Maral: Zara Todd, a disability activist from the UK, gave a powerful introduction to the work she is doing with both youth and the disabled community. It was one of those moments that is going to stick with me [because] it showed how marginalized groups can be empowered to take an active part in policy making.
How has your understanding of open government grown by attending the Summit?
Maral: I came into the open government space thinking it was a lot more to do with sharing research and data, really from more of a science perspective. Now, from being here, I’ve learned that it is a lot more about democracy and giving space for voices that aren't typically at the [policy making] table. Openness is not just about tangible products, but it is about the dialogue that you get to have within a country.
Lisa: Honestly, I don't even know where to start. I never thought that people from important positions would come year-after-year for these issues and answer questions from the audience. So [the Summit] has really changed my perspective knowing that [there is an active global community that] care[s] about democracy and open government.
So would you consider a career in open government?
Maral: I would love to do that. [Especially because] I see how much space is being created for gender mainstreaming and diversity in open government. I think that I have a lot to contribute since I am aware of the research and the classic issues to do with gender and feminist government. So I would love to take part in that conversation at some point.
Wendy: [Yes,] I think that's something that Lisa and I have also considered.
Lisa: Wendy and I have worked with [the Government of Canada’s] Financial Consumer Agency of Canada and have seen the amazing work that they do there [on open government]. So it's definitely on [our career] radars.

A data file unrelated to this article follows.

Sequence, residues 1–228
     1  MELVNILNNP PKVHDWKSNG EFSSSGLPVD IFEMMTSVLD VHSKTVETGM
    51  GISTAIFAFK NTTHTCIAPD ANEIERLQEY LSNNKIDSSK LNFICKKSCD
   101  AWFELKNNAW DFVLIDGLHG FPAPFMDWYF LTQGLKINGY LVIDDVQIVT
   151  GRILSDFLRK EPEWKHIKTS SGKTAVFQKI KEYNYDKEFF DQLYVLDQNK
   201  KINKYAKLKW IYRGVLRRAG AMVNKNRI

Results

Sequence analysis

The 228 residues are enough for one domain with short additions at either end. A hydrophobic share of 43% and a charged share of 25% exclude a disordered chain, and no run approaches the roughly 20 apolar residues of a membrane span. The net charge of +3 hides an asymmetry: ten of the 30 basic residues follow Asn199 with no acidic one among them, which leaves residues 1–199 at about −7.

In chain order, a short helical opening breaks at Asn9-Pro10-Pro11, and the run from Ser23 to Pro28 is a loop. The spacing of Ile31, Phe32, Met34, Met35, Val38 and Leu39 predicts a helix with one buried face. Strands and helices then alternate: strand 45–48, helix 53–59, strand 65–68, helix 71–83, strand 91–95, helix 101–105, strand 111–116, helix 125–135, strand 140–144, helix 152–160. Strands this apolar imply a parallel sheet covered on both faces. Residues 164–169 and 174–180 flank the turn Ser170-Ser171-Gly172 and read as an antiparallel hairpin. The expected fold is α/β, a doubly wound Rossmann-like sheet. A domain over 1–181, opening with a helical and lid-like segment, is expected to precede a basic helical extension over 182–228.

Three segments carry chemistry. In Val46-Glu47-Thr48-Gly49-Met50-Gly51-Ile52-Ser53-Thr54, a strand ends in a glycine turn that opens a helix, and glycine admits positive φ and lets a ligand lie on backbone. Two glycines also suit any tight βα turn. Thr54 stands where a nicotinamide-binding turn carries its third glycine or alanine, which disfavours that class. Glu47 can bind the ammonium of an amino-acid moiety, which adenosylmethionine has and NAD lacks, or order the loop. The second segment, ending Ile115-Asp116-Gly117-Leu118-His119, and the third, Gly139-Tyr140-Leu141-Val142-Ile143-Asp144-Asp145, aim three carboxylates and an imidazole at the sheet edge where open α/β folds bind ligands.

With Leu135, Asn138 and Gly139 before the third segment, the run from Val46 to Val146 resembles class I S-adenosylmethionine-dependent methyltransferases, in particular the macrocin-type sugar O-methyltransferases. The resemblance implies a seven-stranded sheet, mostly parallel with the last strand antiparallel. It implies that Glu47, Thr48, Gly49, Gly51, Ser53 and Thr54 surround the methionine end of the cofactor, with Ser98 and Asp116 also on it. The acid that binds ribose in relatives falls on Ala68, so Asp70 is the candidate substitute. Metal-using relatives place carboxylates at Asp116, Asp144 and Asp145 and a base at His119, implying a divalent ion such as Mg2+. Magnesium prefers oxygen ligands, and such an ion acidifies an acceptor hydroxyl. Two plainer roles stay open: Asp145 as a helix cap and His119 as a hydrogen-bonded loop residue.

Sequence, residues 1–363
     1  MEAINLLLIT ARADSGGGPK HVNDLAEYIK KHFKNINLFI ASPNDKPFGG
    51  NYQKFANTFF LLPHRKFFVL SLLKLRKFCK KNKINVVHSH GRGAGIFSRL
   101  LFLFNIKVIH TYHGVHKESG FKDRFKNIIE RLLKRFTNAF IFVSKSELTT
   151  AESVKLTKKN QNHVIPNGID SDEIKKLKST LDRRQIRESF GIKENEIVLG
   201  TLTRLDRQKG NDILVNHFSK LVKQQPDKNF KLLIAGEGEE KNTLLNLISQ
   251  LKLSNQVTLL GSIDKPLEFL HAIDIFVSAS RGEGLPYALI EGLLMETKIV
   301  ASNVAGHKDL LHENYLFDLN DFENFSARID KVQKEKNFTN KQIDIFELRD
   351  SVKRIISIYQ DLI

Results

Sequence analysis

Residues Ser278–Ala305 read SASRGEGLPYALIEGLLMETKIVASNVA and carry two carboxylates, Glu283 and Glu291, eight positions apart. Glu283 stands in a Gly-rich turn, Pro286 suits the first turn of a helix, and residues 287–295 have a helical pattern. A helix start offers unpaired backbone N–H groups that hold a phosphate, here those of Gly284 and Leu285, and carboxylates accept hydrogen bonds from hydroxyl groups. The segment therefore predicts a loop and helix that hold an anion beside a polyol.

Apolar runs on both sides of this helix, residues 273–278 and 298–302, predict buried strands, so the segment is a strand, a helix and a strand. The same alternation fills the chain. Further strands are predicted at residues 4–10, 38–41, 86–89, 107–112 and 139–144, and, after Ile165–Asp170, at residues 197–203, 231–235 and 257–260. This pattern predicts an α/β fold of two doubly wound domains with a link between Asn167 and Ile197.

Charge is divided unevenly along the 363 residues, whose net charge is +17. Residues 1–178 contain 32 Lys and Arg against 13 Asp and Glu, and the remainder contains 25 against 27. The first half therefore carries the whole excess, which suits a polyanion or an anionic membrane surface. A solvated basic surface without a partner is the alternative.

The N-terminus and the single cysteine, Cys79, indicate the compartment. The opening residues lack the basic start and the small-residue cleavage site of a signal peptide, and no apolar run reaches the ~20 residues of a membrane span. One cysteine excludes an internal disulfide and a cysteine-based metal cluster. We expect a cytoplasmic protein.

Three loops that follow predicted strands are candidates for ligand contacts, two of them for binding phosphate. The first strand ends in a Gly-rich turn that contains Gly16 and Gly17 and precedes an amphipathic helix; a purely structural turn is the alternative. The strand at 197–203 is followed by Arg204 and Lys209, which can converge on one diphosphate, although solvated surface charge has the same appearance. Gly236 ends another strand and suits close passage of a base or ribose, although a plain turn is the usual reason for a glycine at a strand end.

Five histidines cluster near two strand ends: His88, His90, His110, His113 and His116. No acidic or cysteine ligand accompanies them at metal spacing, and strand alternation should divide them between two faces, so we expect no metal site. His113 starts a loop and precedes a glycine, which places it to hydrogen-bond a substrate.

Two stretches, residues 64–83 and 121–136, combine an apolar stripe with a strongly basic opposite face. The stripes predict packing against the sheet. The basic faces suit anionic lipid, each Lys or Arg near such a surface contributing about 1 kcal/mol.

Congratulations again for winning our Open Government Student Challenge. Can you tell me about your winning project?
Maral: [My project was academic]. I am writing my masters final report on the value of using gender mainstreaming in feminist policy and intersectionality theory to guide environmental law and policy. [I’ve been using maps, health data and reports from open.canada.ca to explore the possibility of applying Gender-based Analysis (GBA+) to guide environmental policies and programs at Environment and Climate Change Canada.] [I want to] help marginalized groups achieve environmental justice and help prioritize the enforcement of environmental regulations in those communities. I hope that I will be helping to guide, or at least influence, the direction that environmental law and policy in Canada is going and to start prioritizing communities rather than industries.
Wendy: We founded the Financial Literacy Youth Network (FLYN) in Canada. FLYN is Canada’s first federally-recognized network focused on financial literacy for youth. FLYN is a network of organizations that work towards empowering Canadian youth by breaking down the barriers to financial literacy [by using data].
Lisa: Our main goals are to raise awareness of financial literacy and improve the accessibility of engaging educational resources. So, a lot of what we do at FLYN involves exchanging ideas and connecting people.
Judging by this interview, these students made the most out of their three days at the Summit, and have shown me that youth do have the drive to create real change, they just need to be given a chance to show what they’re capable of.
Curious about the student’s work? Stay tuned! Their projects will soon be featured on open.canada.ca’s up-and-coming Open Data Impact Stories section.
For brevity, this interview has been edited and condensed from multiple conversations.